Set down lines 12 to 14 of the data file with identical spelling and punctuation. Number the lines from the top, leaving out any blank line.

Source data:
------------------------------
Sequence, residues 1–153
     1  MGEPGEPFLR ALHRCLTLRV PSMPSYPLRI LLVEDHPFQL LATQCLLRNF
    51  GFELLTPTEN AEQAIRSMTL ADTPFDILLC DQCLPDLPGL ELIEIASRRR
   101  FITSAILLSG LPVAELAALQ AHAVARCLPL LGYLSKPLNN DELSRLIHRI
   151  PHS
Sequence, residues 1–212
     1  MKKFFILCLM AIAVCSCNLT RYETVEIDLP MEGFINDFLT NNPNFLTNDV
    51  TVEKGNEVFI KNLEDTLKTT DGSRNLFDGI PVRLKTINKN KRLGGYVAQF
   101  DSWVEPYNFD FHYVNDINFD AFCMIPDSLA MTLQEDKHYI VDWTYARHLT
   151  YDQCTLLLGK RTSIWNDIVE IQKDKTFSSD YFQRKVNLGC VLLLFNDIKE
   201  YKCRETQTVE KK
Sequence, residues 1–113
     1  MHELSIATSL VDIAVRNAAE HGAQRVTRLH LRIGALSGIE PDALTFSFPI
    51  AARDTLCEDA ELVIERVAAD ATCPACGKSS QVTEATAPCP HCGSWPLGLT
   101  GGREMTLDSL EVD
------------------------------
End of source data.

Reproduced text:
Sequence, residues 1–113
     1  MHELSIATSL VDIAVRNAAE HGAQRVTRLH LRIGALSGIE PDALTFSFPI
    51  AARDTLCEDA ELVIERVAAD ATCPACGKSS QVTEATAPCP HCGSWPLGLT